The title of this project, “14 phonemes per second,” refers to the speed at which adults speak. The number was first put forward by Lenneberg (1967), and has come to stand for the marvelous and intriguing complexity of speech production. The question that motivates the proposed project is: how do we manage the stunning feat of skilled action that is speaking? The consensus is that it requires some kind of hierarchical control structure. Existing theories of production tend to borrow the representational aspects of this structure from theories that linguists have developed to describe language patterns efficiently. This move introduces a non-trivial translation problem. How exactly does one get from highly abstract, highly structured linguistic representation to fluid control over speech movement? The best psycholinguistic models tackle this problem, but the effort is post hoc. We also cannot rely solely on what is known about speech motor control since the research in this area has focused on sound production and, very often, on the production of a single segment. This focus misses the intentional aspect of speaking; that is, the fact that speaking is about communicating information to a listener. A new approach is needed, and it must be interdisciplinary.
The proposed project is to provide a book-length account of speaking that ties the representations guiding speech movement to speech motor skills, planning routines to cognitive processes, and speaking to language. The hypothesis is that the representations and routines that govern speaking emerge with communicative goal achievement over developmental time, where goal achievement is constrained by changing speech motor and cognitive skills. The foundation for the proposed book is an informal model of speech-language production described in a manuscript written for a special issue of the “Journal of Phonetics” on the cognitive nature of speech sound systems. The stated goals of the model are (i) to provide continuity in representations across different levels of analysis—that is, from speech to language, and (ii) to develop a framework for understanding the details of speaking that is consistent with usage-based approaches to grammar and language acquisition. The model assumes that fluent speech production is guided by schemas, which are temporally structured sequences of remembered action and their sensory outcomes. The hypothesis is that these are formed when a speaker has successfully achieved a communicative goal. In early acquisition, schemas are coextensive with proto-words and the accompanying intonational patterns. Later they are words, collocations, and, under some circumstances, whole constructions (e.g., idioms). Thus, schemas represent action patterns associated with any unit of linguistic meaning. The meaning is the goal, and it is separately represented.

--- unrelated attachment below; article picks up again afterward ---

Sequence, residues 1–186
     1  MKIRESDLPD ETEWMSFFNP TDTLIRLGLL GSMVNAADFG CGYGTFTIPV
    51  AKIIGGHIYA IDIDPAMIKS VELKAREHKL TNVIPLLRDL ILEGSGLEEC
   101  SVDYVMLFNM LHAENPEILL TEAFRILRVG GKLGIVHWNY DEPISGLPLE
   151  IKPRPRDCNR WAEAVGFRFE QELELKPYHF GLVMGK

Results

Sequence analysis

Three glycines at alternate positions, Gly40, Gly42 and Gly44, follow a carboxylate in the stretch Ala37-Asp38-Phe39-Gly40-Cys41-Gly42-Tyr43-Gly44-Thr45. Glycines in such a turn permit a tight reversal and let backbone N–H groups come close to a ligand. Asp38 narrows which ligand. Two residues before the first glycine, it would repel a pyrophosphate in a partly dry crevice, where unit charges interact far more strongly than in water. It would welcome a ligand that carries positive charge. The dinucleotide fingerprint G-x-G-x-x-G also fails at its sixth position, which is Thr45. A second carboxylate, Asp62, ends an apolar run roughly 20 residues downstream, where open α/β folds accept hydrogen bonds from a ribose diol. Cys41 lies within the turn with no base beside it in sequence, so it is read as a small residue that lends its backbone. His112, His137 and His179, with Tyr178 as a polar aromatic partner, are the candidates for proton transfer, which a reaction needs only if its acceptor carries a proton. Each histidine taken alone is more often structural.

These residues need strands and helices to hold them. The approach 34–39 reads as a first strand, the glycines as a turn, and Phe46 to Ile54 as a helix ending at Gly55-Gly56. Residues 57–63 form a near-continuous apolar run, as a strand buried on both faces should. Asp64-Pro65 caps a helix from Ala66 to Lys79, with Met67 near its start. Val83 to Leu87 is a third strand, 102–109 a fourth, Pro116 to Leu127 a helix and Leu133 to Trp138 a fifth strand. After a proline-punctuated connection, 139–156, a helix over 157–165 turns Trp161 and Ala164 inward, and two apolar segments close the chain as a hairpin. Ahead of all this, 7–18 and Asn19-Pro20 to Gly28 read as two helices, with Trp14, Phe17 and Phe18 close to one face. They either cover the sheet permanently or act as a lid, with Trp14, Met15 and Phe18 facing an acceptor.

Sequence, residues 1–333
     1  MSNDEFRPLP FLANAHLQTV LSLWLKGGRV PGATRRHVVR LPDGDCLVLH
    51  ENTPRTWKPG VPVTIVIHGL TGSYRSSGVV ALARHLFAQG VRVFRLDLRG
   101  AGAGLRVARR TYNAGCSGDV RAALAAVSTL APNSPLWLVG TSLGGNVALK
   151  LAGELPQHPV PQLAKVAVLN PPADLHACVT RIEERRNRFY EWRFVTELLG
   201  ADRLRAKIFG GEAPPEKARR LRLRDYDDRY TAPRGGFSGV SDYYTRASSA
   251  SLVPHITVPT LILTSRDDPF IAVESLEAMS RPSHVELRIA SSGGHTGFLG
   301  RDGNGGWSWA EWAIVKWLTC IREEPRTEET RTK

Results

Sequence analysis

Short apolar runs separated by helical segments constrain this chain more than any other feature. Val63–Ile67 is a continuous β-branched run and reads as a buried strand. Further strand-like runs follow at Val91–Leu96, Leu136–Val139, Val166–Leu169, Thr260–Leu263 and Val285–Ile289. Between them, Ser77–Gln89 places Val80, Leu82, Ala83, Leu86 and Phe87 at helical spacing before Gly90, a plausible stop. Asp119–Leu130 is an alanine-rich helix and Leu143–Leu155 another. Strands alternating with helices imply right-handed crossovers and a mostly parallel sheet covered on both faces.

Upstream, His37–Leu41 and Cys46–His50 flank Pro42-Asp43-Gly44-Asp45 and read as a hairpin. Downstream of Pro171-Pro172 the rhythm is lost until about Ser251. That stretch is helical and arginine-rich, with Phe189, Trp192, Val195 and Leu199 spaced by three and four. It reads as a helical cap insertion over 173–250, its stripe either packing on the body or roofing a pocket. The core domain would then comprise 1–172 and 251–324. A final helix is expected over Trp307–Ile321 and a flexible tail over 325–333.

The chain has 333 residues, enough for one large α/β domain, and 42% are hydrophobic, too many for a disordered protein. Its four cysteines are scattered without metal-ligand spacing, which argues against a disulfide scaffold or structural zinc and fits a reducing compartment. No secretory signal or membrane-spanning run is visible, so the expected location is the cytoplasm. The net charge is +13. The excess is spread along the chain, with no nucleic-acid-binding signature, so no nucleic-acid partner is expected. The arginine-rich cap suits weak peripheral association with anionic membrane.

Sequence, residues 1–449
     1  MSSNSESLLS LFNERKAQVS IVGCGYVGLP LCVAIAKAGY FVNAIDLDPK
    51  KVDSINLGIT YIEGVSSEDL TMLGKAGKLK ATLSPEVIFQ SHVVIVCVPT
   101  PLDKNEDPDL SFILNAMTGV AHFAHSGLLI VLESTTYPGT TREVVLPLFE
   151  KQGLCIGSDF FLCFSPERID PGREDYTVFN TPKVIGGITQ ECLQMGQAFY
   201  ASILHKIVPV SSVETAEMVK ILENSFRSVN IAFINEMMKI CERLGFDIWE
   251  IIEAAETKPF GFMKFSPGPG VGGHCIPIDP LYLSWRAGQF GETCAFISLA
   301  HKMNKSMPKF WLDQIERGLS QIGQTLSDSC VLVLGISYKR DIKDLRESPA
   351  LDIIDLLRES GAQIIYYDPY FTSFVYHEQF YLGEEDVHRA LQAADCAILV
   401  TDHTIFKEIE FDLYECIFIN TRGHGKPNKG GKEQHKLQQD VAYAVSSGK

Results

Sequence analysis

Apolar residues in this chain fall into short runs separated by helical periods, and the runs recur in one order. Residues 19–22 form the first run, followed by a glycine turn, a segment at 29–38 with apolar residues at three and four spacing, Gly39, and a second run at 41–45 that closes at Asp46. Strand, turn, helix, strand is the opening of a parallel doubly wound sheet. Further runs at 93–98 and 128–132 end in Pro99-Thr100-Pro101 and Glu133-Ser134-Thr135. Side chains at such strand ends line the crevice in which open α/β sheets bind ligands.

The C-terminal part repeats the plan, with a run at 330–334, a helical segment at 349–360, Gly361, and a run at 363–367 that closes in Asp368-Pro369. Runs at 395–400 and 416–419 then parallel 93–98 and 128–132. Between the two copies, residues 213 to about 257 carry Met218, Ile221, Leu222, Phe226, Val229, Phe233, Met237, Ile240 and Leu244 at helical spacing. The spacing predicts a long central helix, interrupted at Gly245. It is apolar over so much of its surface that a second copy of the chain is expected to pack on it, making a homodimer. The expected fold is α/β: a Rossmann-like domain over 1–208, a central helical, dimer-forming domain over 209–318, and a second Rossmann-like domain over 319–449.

Once acquired, schemas provide abstract programs for production. These are activated or inhibited via the linked goals. Control via communicative goals captures the intentional and automatic aspects of speech-language production. Goals are subject to conscious inspection; schemas are not. Control via communicative goals means that schemas are activated and executed as holistic units. Goals and linked schemas are defined by the language acquisition process. This process allows for the emergence of hierarchically structured speech plan representations.
The informal model already briefly sketched raises many questions for further exploration. These include, but are not limited to, questions concerning the nature of the patterns remembered, how holistic are they initially, and to what extent are they differentiated over developmental time; questions about the recombination of schemas, and how free or constrained the process might be; questions about how the intonational and segmental aspects of speech are aligned during speaking; and questions about the nature of constraints on speech planning. These questions, and many others, will be addressed in the proposed book. The work will draw from a variety of literatures, including the literature on non-language motor skill acquisition and control, speech motor skill development, memory and planning in language production, the development of relevant cognitive processes, language acquisition, and linguistic theory. The goal is to arrange the findings from disparate fields into a coherent account of speaking that is psychologically plausible, developmentally sensitive, and computationally implementable.